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RITE OF PASSAGE: Yet, while they were still teenagers

As I wrote a few columns back, I have had a bad case of the “everlasting flu.” This virus hits you hard for about four weeks. When it finally wears off, someone else in your family catches it. After it spends months going through different members of your family, it comes back and bites you one more time.

Do you know the difference between having the “everlasting flu” and living with teenagers? This reminds me of a story.

After a hard day at work, John came home to relax and watch TV. During his favorite program, the doorbell rang. Rising from the couch, he opened the door and found a six-foot cockroach there. The cockroach grabbed him by the collar, threw him across the room and left. The next night, the doorbell rang again. John walked slowly to the door and saw the same six-foot cockroach. This time, the giant insect punched him in the stomach and left. The next night, the doorbell rang again. Trembling with fear, John opened the door. That same cockroach appeared. This time, it kneed John in the groin and hit him behind the ear as he doubled over in pain. Then it left.

The following day, John went to see his doctor, explaining the events of the preceding nights. “What can I do?” John pleaded.

“Not much,” the doctor replied. “There’s just a nasty bug going around.”

What’s the difference between trying to parent a teenager and being assaulted by a nasty bug? Probably not much! Many times, the terrible 2s turn into the terrifying teens. Thankfully, God has provided ways for parents to make this span of years more bearable. In Ross Campbell’s book How to Really Love your Teenager (David C. Cook, 2004) he shares that a teenager’s number one need is “unconditional love”—a love that expresses, demonstrates and models God’s love for his children.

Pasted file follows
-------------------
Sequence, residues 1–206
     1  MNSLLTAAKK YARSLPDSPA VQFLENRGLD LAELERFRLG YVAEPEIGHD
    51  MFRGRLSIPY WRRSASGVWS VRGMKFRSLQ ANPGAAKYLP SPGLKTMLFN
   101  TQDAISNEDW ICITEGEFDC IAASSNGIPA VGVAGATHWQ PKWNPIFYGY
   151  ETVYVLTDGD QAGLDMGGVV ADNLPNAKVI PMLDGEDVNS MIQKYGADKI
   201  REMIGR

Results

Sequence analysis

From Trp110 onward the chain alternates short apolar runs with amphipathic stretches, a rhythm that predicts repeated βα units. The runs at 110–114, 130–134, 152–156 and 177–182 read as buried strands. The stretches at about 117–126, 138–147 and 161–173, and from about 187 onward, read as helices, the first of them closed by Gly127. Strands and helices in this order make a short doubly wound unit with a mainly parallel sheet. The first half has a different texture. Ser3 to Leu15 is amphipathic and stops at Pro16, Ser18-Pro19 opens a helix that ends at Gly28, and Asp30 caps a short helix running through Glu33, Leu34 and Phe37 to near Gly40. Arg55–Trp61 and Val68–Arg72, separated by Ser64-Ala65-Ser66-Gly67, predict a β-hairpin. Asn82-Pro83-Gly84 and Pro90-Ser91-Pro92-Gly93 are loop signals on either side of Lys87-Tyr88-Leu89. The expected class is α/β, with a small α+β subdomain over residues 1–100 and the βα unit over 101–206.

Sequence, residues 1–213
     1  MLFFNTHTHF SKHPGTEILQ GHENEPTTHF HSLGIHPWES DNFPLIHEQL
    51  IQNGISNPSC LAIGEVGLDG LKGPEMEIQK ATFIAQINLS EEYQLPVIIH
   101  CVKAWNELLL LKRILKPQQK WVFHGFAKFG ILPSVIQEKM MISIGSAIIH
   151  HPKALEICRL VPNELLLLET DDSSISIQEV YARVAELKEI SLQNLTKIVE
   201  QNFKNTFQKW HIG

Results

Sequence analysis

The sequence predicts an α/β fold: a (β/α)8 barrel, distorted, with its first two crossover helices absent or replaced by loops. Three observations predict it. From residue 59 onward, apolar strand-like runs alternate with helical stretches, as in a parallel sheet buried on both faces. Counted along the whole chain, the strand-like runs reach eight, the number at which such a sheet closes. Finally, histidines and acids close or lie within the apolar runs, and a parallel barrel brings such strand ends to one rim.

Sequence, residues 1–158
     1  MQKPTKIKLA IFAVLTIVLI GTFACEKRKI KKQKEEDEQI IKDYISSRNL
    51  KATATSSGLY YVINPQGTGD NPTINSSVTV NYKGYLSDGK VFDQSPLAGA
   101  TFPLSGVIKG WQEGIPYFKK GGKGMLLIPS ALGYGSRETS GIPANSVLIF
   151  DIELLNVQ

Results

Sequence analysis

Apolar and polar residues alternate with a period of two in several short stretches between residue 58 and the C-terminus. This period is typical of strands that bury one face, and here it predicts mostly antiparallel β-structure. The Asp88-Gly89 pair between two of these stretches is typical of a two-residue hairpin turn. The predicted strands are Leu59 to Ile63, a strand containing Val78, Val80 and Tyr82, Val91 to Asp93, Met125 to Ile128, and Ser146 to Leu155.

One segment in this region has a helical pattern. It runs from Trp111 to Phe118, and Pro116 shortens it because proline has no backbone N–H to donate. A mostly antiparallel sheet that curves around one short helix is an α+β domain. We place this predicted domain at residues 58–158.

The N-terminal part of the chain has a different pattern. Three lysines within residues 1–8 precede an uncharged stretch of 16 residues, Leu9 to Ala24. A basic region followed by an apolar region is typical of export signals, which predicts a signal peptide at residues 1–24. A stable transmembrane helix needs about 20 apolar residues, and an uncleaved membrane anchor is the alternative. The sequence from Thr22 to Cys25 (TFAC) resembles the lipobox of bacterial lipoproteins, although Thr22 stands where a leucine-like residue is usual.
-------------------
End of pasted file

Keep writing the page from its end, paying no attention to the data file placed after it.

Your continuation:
Have you ever wondered why God gave you the children He did? I must confess I have asked God that question many times, especially with . . . MY children. I came to realize that God gives us the children He does because we are the only ones who can give those children the exact kind of love they need. I have never been able to love someone else’s child as I do my own. God doesn’t make mistakes.

Your task as a parent is to love your children in spite of their awkwardness, moodiness and temperamental flare-ups. And this only describes the first month of puberty! After that, everything takes a nosedive. The whining, the rolled eyes and the “why mes?” only increase. During the teenage years, you can be sure your children will inform you they wish they had different parents. There is only one thing that might keep you from driving them to an adoption agency and fulfilling those wishes: the price of gasoline. After all, most teenagers are not worth $3.25 a gallon.

As a recovering parent of former teenagers, I can tell you there are days when we all feel like that. Yet, these days, too, shall pass. The last thing your teenagers need is parents who base their love upon results. Instead, they need a mom and dad who love them even if their behavior is not pleasing or when they fail to meet certain requirements or expectations.

Remember what the Bible says about God’s love? “But God demonstrates His own love to us in this: While we were still sinners, Christ died for us” (Romans 5:8). Maybe you need to rewrite this verse and post it on the wall: “But God demonstrates His own love to us in this: While they were still teenagers . . .”

Is this type of love easy? Absolutely not. I cannot do it on my own. I am still doing today what I learned back when my boys were teenagers: asking God to love them through me. When my sons bow their knees to pray to our Heavenly Father, I hope they have caught a glimpse of Him through . . . their earthly father.

By the way, I have discovered another similarity between cockroaches and teenagers. Cockroaches have a short life span. Thankfully, the teenage years last only a short time. The symptoms of the “everlasting flu” are starting to fade, and my wife and I have completed our days of parenting teenagers. But the love of a parent for a child, like the love of the Father, will never pass away. Graciously, He continues loving each one, even through someone who looks a lot like . . . me.

Walker Moore

Author: Walker Moore

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